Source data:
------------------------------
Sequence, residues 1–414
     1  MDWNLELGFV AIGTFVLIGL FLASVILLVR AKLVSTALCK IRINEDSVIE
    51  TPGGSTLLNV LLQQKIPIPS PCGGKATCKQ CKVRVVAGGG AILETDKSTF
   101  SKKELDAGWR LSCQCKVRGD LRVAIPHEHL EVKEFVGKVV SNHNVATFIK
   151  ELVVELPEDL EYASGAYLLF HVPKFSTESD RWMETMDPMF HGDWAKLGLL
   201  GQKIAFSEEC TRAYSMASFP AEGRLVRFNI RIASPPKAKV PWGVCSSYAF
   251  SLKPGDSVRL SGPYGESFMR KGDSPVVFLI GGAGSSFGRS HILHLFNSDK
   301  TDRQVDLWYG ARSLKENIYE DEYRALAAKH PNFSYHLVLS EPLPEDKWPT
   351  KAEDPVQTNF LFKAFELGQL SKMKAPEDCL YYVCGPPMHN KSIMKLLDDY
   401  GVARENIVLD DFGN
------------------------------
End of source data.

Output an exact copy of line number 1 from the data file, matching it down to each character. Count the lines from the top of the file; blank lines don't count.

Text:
Sequence, residues 1–414